23 Nov 2017 --- The European Heart Journal has published a review paper that highlights the potential of vitamin K2 supplementation for calcific aortic valve stenosis (CAVS), a common cardiovascular condition in the aging population where no medical therapy currently exists.
According to researchers, once symptomatic severe CAVS has developed, there is a dismal prognosis without intervention. Currently, the only treatment for (symptomatic) severe CAVS is surgical or trans catheter aortic valve replacement (AVR), but it is an intervention to which not all patients are suited.
While multiple trials have attempted to repurpose commonly used pharmacological interventions to slow CAVS progression, pharmacological interventions have thus far failed to alter the course of CAVS. The review paper notes that studies have demonstrated that statins, widely used for lipid lowering in atherosclerosis and inflammation, have no effect on CAVS progression or clinical outcomes, and might actually exacerbate the condition.
However, the researchers noted promise with vitamin K2, specifically the long-chain menaquinones (MK7), as they are transported efficiently beyond the liver. “Vitamin K supplementation is an attractive option to replenish vascular vitamin K stores to ensure optimal calcification inhibition,” the researchers write.
“Recognizing that medical therapies are proving ineffective, researchers are shining a light on efficacious supplemental alternatives, which leads them to the clinical research that NattoPharma has spearheaded,” says Dr. Hogne Vik, Chief Medical Officer with Norwegian-based NattoPharma ASA, a company targeting vitamin K2 research and development.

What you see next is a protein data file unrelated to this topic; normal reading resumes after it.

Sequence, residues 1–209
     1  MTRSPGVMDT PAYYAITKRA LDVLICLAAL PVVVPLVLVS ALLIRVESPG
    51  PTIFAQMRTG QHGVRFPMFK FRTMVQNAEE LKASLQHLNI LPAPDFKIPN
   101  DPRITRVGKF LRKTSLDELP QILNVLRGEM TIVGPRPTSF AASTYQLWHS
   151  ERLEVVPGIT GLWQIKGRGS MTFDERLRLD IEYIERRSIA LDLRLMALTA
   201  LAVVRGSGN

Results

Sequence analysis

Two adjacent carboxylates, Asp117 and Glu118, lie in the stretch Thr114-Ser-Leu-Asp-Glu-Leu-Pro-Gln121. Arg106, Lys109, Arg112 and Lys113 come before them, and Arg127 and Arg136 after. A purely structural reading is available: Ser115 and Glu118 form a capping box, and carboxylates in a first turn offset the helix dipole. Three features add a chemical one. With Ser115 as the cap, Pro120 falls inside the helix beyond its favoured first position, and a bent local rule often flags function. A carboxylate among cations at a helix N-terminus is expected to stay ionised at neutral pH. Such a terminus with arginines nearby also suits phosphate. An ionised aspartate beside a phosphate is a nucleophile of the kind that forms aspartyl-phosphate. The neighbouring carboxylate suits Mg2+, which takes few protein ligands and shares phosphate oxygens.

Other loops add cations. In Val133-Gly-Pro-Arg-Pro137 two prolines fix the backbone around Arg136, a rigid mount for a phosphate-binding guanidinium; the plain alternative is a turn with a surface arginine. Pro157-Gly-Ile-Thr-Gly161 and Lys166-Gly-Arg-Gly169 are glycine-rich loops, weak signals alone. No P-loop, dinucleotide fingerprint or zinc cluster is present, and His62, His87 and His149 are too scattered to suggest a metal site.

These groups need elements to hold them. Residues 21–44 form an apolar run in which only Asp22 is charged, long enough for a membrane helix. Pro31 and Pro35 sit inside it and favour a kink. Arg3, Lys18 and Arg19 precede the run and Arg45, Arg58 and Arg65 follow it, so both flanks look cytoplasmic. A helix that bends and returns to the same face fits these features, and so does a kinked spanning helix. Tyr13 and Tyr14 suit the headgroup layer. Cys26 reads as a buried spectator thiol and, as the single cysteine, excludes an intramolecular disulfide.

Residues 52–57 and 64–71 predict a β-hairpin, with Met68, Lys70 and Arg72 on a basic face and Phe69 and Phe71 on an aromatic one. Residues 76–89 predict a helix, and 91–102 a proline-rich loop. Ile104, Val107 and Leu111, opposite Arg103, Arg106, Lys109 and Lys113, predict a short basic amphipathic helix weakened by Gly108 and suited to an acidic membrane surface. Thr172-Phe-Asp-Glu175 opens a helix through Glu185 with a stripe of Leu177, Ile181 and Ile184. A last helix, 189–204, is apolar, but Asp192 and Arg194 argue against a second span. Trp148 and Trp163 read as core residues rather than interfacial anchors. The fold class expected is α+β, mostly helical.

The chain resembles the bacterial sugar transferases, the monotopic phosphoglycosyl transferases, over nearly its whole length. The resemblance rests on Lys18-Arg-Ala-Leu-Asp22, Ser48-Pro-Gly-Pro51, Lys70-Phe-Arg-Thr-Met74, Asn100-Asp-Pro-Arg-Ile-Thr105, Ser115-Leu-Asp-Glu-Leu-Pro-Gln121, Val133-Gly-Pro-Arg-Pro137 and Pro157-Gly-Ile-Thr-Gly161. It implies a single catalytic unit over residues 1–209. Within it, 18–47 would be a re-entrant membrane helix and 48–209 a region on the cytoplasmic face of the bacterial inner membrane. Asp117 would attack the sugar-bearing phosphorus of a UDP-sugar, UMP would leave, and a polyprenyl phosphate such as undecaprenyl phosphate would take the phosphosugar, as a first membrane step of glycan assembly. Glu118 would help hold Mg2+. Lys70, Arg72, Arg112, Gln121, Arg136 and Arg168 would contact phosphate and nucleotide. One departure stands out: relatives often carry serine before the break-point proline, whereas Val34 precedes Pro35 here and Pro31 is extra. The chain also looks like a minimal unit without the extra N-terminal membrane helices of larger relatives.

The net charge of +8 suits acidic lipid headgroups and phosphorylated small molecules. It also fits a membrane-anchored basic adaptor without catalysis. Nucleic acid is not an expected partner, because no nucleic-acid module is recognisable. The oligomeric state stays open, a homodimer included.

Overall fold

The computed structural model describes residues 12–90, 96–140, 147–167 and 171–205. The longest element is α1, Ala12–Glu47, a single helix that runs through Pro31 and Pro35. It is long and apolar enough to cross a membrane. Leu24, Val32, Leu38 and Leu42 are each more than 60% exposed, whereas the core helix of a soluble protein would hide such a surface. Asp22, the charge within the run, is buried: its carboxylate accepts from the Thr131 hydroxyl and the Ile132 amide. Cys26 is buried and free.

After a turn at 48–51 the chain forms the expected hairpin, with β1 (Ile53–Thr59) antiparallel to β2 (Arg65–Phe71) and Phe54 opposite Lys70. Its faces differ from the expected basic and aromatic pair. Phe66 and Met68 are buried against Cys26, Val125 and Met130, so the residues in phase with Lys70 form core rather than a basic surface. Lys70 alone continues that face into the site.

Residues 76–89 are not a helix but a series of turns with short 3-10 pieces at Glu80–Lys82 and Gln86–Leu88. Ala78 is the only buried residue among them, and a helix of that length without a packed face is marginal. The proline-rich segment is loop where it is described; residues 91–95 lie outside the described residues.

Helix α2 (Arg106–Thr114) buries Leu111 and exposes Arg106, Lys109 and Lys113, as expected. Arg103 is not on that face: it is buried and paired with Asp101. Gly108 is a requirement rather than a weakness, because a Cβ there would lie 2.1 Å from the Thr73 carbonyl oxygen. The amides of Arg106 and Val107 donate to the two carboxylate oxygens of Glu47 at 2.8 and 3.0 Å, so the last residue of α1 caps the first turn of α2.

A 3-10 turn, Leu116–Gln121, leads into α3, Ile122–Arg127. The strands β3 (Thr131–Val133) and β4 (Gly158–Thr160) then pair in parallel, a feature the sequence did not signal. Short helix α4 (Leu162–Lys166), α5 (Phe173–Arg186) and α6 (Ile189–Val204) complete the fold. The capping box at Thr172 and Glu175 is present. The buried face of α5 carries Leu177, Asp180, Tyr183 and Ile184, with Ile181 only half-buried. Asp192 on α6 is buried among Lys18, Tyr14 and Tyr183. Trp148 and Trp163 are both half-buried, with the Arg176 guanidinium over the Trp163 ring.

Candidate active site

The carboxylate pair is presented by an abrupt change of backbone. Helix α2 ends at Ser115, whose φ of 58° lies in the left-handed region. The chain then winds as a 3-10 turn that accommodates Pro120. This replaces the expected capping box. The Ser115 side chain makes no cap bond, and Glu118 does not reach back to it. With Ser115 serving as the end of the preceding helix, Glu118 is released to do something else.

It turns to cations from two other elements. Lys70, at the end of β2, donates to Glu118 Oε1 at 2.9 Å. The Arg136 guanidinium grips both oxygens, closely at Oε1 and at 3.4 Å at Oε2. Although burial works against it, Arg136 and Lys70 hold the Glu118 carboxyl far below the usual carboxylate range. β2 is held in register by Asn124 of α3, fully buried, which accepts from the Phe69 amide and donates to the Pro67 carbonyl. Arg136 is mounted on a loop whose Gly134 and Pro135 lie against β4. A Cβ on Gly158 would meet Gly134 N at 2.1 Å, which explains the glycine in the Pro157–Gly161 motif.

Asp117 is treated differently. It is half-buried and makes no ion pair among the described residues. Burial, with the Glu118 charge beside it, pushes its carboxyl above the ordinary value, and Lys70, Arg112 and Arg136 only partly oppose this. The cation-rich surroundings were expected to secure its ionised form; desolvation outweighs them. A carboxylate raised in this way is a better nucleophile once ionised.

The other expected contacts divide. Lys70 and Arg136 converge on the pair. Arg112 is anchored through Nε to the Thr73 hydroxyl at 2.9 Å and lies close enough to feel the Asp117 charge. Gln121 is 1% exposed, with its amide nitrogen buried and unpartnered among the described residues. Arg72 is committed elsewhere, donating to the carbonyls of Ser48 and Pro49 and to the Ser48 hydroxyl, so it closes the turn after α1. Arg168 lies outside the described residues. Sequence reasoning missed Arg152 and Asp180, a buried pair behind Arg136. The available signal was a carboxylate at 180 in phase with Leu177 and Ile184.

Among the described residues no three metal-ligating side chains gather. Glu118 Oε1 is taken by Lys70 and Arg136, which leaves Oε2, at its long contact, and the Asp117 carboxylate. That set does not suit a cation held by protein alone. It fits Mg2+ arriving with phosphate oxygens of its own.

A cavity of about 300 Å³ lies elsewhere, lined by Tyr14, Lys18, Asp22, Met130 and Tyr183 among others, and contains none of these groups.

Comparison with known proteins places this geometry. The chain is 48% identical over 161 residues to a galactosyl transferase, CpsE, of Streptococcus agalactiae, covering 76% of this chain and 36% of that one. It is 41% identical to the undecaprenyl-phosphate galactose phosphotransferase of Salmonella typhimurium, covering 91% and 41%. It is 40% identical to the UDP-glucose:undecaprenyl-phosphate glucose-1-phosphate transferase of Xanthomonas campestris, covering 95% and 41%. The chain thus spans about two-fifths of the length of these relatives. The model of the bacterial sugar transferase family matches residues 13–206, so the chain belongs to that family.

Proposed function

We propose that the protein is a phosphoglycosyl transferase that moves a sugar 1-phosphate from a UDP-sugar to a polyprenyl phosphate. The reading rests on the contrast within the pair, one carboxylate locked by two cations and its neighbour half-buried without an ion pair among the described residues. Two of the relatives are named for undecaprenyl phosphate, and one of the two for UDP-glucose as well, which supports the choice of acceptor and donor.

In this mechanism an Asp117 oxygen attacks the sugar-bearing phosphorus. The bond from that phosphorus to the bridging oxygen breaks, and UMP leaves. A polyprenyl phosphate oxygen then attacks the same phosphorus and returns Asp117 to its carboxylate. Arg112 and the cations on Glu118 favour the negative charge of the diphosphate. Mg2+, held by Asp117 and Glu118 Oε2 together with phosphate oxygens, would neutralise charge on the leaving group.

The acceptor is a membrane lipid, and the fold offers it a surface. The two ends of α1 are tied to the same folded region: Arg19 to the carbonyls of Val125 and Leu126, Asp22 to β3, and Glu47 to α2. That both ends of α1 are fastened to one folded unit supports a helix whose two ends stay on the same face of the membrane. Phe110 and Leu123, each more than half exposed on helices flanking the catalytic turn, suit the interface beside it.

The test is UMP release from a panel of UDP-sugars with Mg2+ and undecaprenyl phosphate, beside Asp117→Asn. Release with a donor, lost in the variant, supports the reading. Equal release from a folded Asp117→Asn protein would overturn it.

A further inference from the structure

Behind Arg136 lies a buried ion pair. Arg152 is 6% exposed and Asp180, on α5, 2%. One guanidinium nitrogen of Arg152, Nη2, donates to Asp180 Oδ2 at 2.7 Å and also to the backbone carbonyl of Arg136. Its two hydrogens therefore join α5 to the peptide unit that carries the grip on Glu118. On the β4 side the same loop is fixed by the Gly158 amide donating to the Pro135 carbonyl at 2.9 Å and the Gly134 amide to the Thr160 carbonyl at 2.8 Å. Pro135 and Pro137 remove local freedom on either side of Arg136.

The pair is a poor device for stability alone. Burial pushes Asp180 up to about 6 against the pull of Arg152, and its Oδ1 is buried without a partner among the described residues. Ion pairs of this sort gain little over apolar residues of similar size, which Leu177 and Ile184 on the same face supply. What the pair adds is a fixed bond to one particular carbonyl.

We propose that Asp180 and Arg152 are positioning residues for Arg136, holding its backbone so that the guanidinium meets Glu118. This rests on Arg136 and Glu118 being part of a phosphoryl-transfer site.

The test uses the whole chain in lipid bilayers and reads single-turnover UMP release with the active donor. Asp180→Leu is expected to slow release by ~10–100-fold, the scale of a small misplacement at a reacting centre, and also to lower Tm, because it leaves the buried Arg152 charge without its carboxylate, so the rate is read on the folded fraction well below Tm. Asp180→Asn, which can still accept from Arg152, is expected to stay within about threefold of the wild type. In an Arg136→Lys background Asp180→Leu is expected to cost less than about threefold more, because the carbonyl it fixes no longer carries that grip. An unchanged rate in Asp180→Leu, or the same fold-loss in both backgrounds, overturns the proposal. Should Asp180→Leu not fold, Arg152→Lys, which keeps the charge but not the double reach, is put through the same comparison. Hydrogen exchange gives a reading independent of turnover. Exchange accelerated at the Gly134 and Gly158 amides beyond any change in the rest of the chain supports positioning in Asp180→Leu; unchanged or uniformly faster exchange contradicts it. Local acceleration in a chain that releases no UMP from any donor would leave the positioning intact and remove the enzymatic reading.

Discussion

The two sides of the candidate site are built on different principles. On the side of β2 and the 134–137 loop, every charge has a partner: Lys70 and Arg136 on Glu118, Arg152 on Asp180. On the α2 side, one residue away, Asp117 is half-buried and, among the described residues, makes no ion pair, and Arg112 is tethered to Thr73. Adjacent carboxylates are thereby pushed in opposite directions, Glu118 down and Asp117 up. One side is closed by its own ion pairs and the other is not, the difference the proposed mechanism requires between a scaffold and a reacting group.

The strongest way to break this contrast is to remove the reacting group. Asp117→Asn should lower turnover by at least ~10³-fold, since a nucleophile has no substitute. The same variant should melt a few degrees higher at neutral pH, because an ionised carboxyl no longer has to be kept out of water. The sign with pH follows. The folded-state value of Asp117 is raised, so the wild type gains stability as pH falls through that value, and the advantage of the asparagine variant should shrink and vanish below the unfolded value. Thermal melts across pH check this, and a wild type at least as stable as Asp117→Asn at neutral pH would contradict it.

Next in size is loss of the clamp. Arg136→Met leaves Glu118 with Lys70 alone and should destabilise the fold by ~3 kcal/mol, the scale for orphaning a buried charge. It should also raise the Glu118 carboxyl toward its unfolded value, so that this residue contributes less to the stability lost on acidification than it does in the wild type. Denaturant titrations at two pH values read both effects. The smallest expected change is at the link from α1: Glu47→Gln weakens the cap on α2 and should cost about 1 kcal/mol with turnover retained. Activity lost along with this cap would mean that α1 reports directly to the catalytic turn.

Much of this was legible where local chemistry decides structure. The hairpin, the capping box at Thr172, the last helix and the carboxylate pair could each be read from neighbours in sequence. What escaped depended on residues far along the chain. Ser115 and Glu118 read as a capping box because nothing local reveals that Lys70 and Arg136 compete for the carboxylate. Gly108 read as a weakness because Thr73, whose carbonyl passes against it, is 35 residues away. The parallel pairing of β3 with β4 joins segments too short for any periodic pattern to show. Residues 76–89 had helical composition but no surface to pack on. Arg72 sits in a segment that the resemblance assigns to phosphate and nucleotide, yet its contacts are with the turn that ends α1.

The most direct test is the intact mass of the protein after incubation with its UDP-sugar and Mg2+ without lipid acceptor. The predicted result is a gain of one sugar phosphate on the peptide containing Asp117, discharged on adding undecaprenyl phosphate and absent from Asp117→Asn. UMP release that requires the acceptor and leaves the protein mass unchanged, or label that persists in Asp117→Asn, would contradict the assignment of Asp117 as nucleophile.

“Specifically, our three-year cardiovascular study in healthy postmenopausal women taking just 180 mcg daily of Vitamin K2 as MK-7 (as MenaQ7) demonstrated a cessation and even regression in arterial stiffness,” Dr. Vik adds. “The relevance of our three-year study has resulted in several studies by the medical community for patients with existing coronary artery calcification, aortic valve calcification, and peripheral artery calcification.”
The review paper concludes: “The pathophysiological mechanisms involved in CAVS initiation and progression are being rapidly elucidated and include inflammation, fibrosis, and calcification. With this advancing knowledge, we have identified novel therapeutic targets like vitamin K and new imaging techniques that can be used to test the efficacy of novel agents and further inform our pathophysiological understanding.”
In an interview with NutritionInsight earlier this year, Eric Anderson, Senior Vice President of Global Marketing and Business Development at NattoPharma, underlined the company’s commitment to supporting research into the benefits of vitamin K. “When we look at vitamin K2 as menaquinone-7, we believe this is everything that is good about the natural products industry,” Anderson said. “Researchers discovered K2, and NattoPharma supported its substantiation.”
“We’re only supplying the active, menaquinone/vitamin K2; these studies are being paid for by traditional medical doctors who are treating diseased patients, and the only active is a vitamin,” Anderson said. “That’s what it really should be about: You have science, science leads to discovery, which in turn leads to an investment into proving that [an active] works as a dietary supplement.”
References: Peeters FECM, et al. Calcific aortic valve stenosis: hard disease in the heart. Euro Heart J (2017) 0,1-8. Knapen MHJ, et al. Menaquinone-7 supplementation improves arterial stiffness in healthy postmenopausal women: double-blind randomised clinical trial. Thrombosis and Haemostasis (2015) 19;113(5).
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